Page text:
Resistance Welding Is a ScienceDecember 1, 2018
|Low current values are displayed in the weld log.|
This, however, can lead to continued quality issues and containment costs that far exceed investing in a scientific, data-driven solution. In other words, resistance welding should be viewed as a science and not “black art.”
Miles Sonnenberg of HTT, Inc., Sheboygan, WI, is a great example of a manufacturing engineer who made the leap from guessing at solutions to resistance-welding-quality issues to quantifying and solving them properly.
Founded in 1986 as High Tech Tool & Die, HTT specializes in deep-drawn stampings. As a value-added secondary operation, the company attaches brackets to round parts, each with a single spot weld. Since it’s an automotive application, that lone weld must be strong.
However, HTT had significant weld-quality issues related to nugget size and strength, and adding to the challenges, these weld-quality issues varied between shifts. As a result, HTT’s customer required a time-consuming, 100-percent quality check of the parts supplied, hurting production and profit margins.
Sonnenberg’s first step in solving the weld-quality issues was to identify and define the following possible causes:
- Poor tooling design or condition;
- Improper electrode (tip) dressing;
- Changing key weld parameters;
- Obsolete, 30-yr.-old welder control; and
- Absence of a way to monitor key weld quality variables, such as current and force.
After purchasing new tooling, Sonnenberg performed an electrode-tip-life study to address when the tips needed to be dressed or changed. This improved weld quality, but not enough to satisfy the customer, which continued to demand 100-percent quality checks.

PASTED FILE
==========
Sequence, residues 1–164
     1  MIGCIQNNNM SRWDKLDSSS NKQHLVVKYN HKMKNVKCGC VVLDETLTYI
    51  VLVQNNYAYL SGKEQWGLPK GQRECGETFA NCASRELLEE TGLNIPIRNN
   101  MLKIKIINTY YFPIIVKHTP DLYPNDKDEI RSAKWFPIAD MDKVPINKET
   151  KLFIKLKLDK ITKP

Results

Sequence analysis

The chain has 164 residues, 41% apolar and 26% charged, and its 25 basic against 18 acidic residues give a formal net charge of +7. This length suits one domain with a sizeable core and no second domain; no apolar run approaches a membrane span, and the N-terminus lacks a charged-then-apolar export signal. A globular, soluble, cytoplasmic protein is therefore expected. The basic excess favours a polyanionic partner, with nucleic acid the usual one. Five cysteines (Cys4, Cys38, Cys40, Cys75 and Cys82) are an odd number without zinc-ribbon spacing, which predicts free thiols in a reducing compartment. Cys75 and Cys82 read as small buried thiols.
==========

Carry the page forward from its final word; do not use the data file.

At this point, Sonnenberg called in an experienced outside resistance-welding consultant, who recommended a new weld control with process monitoring and other features available in several brands of controls:
- Current monitoring. Generates a fault if the welding current falls outside of preset limits.
- Constant current. Automatically compensates for welding-current losses due to changes in the incoming line voltage or secondary circuit impedance.
- Differential pressure transducer. Monitors pressure at both ports of the air cylinder and does not allow the machine to fire until the proper weld pressure is reached.
- Electronic pressure control. Allows the weld force to be set from the weld control, thereby eliminating the manual regulator that operators could previously access.
- Weld log (see Weld Log table). Creates a date and time stamp for every weld sequence, including key parameters such as weld time, weld current and pressure/weld force.
- Error log. Generates a date and time stamp each time that a fault is generated.
In addition to purchasing the new, state-of-the-art welder control, HTT also invested in onsite installation and training by a certified resistance-welding technician who set up the initial weld schedules.
|Graph shows the results of a process study using a consistent weld pressure and various weld currents to find the optimum current setting.|
Also, he performed a process study using a consistent weld pressure and various weld currents to find the optimum current setting (see Force vs. Amps graph).
In addition, machine operators no longer were allowed to adjust weld-schedule parameters. To compensate for tip wear, they could only select preset proven weld schedules.